Jennifer Ward Clarke
Early life and career
Jennifer Ward Clarke was born in Yateley, Hampshire on 20 June 1935, the daughter of Dorothea (née Devitt) and Harry Ward Clarke, a prep school headteacher. At Benenden School in Kent she became interested in the cello, and studied at London's Royal College of Music with Ivor James, where she won the prize for cello. She won a scholarship to study for a year at the Paris Conservatoire with Paul Tortelier. On three occasions she took part in the masterclasses in Switzerland of Pablo Casals.
She was a founder member in 1965 of the Pierrot Players, later renamed the Fires of London, and with them took part in the first performances of Eight Songs for a Mad King by Peter Maxwell Davies, and Medusa by Harrison Birtwistle. She was a founder member of the London Sinfonietta in 1968, and played with them for several years.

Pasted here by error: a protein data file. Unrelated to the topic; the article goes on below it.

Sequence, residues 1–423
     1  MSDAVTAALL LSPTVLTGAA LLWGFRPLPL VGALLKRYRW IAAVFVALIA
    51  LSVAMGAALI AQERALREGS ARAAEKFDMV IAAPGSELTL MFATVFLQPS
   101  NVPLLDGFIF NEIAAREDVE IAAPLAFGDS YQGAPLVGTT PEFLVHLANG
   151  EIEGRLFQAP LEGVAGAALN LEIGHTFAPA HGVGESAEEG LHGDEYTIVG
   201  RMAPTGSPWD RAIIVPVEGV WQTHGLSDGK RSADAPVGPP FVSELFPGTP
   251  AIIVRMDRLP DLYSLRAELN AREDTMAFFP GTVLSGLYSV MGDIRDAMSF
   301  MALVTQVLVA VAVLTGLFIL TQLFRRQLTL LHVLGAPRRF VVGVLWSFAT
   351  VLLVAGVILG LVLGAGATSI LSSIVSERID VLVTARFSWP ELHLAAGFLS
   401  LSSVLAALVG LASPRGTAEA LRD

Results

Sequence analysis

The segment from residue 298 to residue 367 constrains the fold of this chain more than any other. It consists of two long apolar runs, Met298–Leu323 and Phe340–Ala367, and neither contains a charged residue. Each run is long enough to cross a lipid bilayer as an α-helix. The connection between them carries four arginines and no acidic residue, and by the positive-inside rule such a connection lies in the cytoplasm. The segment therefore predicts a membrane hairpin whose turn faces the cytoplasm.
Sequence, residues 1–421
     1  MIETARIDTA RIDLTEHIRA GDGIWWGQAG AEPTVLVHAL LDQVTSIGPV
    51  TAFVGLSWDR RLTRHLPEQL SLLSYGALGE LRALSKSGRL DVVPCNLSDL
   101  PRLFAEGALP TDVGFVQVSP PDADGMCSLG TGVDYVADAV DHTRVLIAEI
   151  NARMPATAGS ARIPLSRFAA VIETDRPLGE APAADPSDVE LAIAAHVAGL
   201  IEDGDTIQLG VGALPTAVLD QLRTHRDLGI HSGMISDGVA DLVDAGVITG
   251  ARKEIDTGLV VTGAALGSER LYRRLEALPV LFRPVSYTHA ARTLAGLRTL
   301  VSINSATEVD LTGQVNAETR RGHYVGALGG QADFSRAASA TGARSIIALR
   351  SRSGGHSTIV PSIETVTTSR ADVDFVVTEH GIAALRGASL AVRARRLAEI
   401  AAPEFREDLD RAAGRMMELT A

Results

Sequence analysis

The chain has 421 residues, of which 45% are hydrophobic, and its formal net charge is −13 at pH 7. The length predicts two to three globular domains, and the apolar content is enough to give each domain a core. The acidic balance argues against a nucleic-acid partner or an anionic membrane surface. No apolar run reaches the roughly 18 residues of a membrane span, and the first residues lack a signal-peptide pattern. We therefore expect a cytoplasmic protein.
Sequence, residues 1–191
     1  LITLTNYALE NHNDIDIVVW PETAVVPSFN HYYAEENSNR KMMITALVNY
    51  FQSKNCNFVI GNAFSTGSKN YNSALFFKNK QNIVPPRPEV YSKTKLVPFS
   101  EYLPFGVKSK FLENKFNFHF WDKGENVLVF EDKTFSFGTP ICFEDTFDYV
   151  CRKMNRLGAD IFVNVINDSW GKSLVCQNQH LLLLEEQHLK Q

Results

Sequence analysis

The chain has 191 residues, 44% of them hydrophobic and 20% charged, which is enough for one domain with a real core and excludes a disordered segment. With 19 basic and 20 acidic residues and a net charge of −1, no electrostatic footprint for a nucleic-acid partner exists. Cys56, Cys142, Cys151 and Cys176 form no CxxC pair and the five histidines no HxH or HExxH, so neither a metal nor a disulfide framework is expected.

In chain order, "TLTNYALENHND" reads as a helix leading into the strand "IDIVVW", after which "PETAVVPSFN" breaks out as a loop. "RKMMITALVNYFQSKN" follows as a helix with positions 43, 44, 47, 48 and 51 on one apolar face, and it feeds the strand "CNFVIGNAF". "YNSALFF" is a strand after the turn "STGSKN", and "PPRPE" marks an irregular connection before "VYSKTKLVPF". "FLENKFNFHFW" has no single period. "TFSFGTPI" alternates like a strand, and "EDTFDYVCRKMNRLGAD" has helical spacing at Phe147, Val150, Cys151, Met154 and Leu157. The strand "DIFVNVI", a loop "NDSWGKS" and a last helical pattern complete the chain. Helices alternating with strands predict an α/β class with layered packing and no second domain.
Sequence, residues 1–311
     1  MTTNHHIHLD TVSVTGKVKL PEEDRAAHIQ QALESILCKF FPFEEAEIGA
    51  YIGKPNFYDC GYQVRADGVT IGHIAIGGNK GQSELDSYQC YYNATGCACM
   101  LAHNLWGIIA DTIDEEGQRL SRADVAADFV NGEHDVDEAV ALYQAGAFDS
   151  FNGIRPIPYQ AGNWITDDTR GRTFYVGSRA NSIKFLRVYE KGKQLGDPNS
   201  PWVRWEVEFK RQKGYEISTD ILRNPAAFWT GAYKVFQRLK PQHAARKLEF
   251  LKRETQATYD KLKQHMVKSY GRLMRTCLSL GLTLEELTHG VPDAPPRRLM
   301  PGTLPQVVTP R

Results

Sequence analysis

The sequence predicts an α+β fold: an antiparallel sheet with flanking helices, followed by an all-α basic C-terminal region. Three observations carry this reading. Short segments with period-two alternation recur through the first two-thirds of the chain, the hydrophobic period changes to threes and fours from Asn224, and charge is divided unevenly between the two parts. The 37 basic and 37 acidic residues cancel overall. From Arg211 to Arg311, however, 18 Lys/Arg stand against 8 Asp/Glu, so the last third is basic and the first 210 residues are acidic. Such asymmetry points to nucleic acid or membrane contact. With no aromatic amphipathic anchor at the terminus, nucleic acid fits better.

In 1982 she became a member of the Salomon Quartet, set up to perform classical music on period instruments; she toured and made recordings with the quartet until her retirement in 2009. From the 1980s she was professor of baroque cello at the Royal Academy of Music.
She was married to the writer Michael Foss, and they had a daughter Kate.